Sequestration is not pretty and managing it is not easy. But go back a year or so, to those days when our military was about to be devastated by the sequester. The rhetoric was hyperbolic; the damage to national security would be severe.
Just a few short months ago, DOD was handed the biggest megaphone in the executive branch to protest the consequences. Sequestration would bring Doomsday, readiness would be fatally damaged, and the United States would become a second-rate power.
During the campaign last year, the defense politicians and lobbies stepped up to the mic. Senators McCain, Ayotte, and Graham toured the country, "defending defense." With the support of the Aerospace Industries Association, George Mason regional economist Steven Fuller asserted that a million jobs would be lost as a result of the sequester.
Fooled me once, your fault. All that time, the Defense Department was better off in "sequesterland" than virtually all of the other federal agencies. DOD, it turns out, has the greatest flexibility to handle sequestration of all of them.
I have been suggesting this for months, despite the cacophony of horror stories. It was clear from the first day of the Budget Control Act that if sequestration happened, most of the defense budget would be exempt or touched only slowly. And the most vulnerable part of the defense budget had the greatest flexibility to adjust to a lower level.
Pay and benefits for military personnel -- a third of the defense budget -- would be exempt, waived by the president under the law. Contractors found out that the dollars already committed to their contracts would be untouched. Once DOD reassured them that they did not need to send WARN Act layoff notices to their workforce (and that any legal costs incurred by not doing so would be allowable costs under their contracts), the industry stepped back and became mute.
That left the military's operating funds -- about another third of the overall defense budget -- as the primary target of sequester. The Pentagon fretted heavily, trotting out the dangerous consequences. These are the funds that cover equipment repairs, training and education, wartime operations, fuel purchases, buying services, and paying civil servants. And the impact of the sequester would be severe -- perhaps a $35 billion hole in the operating budget.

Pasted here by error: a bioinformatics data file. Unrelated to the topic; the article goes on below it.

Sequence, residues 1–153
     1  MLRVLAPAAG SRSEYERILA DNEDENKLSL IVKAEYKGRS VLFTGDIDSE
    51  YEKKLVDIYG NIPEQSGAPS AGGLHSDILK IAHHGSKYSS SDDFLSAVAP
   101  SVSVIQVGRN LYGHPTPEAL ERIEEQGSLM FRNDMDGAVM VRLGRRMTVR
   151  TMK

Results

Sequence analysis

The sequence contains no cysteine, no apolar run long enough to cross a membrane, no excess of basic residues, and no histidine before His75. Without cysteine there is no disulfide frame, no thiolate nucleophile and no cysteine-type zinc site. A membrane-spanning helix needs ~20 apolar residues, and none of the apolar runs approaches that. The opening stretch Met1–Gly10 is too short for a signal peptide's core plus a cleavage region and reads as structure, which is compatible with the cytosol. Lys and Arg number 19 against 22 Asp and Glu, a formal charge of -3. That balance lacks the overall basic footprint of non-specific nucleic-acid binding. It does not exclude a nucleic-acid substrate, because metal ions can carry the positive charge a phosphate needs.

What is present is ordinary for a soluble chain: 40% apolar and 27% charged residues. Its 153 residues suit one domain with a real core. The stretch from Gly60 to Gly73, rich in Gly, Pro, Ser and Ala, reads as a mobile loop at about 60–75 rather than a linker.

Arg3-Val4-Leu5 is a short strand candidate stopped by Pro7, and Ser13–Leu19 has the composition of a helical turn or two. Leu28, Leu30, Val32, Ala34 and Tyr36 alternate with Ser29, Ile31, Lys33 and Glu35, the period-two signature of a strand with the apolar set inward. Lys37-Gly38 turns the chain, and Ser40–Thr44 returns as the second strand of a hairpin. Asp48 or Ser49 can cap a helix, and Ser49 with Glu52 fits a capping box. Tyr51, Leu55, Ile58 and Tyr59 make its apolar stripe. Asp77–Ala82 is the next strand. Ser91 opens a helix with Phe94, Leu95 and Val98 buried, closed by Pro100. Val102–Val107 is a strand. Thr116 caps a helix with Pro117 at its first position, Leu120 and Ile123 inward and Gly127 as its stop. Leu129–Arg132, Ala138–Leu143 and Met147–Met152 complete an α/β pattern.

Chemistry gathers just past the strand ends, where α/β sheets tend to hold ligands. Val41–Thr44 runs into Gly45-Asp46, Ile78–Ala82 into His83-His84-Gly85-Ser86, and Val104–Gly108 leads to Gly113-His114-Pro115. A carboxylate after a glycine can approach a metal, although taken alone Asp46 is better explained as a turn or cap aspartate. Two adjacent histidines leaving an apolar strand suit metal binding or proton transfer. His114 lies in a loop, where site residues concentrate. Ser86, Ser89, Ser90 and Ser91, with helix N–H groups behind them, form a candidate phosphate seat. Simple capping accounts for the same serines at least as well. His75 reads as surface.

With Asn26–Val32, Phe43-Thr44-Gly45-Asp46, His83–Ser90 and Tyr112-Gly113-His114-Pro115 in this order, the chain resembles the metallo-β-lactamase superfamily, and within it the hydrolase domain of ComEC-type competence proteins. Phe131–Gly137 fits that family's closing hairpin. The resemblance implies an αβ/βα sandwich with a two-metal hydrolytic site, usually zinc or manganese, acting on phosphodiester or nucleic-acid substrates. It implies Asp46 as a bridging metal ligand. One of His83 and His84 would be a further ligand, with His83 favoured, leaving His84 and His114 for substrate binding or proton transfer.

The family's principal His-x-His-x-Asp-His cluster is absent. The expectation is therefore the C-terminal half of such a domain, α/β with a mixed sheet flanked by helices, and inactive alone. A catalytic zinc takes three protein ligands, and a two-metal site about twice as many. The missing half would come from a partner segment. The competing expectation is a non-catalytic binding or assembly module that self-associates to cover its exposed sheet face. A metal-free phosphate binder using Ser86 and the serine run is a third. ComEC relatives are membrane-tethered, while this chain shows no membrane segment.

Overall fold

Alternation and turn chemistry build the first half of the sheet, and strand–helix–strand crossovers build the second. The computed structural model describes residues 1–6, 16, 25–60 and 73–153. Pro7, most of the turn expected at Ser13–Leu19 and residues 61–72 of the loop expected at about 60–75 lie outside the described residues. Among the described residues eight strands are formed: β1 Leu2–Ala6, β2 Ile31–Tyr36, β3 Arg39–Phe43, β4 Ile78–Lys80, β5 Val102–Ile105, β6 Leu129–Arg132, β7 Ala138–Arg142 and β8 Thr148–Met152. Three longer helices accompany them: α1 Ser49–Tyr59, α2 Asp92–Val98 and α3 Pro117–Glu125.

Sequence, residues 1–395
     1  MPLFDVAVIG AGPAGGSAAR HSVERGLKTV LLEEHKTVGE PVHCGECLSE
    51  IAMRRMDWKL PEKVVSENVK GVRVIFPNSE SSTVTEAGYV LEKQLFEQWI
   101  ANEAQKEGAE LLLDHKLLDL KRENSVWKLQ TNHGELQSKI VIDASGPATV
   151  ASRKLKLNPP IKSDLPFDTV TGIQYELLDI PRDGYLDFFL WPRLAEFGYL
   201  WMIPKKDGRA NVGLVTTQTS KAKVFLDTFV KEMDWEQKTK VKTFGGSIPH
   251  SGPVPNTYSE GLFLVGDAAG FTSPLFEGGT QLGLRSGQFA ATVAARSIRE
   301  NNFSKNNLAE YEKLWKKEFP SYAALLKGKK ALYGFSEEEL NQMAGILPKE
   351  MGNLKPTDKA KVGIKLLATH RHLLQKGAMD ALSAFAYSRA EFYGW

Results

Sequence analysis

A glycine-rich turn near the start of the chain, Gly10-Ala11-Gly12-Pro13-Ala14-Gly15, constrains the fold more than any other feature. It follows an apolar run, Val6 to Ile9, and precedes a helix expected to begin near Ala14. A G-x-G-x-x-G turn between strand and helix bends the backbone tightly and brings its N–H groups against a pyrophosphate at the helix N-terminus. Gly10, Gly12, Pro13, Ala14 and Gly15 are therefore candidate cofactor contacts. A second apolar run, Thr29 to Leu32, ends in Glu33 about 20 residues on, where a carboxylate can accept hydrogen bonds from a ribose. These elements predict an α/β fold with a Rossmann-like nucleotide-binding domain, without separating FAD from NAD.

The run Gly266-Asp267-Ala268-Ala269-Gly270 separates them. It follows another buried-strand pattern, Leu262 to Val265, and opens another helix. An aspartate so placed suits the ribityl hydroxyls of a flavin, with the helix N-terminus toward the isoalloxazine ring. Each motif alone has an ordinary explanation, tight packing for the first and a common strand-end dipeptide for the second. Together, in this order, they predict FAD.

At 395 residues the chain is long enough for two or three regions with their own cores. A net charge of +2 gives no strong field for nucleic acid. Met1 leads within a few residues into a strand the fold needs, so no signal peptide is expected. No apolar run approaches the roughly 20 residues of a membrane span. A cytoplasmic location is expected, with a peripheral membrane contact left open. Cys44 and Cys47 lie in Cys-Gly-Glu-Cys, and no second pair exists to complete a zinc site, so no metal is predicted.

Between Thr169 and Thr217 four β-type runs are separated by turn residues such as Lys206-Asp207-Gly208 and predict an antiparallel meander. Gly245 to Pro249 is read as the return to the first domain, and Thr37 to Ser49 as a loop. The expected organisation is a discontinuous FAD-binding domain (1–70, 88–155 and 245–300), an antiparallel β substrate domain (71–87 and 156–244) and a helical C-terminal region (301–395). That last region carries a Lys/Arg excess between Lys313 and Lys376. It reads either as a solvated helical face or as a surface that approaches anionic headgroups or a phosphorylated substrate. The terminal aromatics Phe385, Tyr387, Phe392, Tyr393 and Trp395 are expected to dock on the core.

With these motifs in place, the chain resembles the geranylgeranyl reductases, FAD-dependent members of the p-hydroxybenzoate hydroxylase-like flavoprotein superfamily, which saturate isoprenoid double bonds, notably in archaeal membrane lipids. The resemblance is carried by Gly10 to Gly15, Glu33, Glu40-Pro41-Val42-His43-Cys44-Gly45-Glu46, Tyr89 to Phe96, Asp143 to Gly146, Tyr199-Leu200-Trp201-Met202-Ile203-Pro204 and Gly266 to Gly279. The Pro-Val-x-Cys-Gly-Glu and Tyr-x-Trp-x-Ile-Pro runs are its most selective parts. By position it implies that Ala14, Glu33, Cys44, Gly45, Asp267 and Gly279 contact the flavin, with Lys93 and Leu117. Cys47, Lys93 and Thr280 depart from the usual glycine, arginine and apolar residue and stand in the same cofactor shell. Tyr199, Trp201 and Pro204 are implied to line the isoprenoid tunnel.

The operating funds sequester problem is slowly eroding, however; the mirage of Doomsday is lifting. It turns out there is a lot more flexibility in these accounts than one thought. For one thing, last September and again this February, OMB defined the "line item-by-line item" nature of sequestration flexibly when it came to DOD operating accounts. Rather than cut equally from every training session, military exercise, fuel purchase, and civil servant, OMB said DOD would have the flexibility to lump them all together in the standard military operating accounts: Army Operations and Maintenance, for example. The Pentagon could make tradeoffs between these expenditures, setting priorities.
Then, a third of the Pentagon's problem went away when the Congress passed the full defense bill in March this year. That bill added $11 billion to the operations accounts above the level provided in the continuing resolution, just as the administration had requested.
The military services discovered that the threatened 22-day furlough of civil servants might not be needed. It dropped to 14 days, or even 7 days, and, in the Navy's case, conceivably to zero. The new bill helped, as did the search for other ways to set priorities.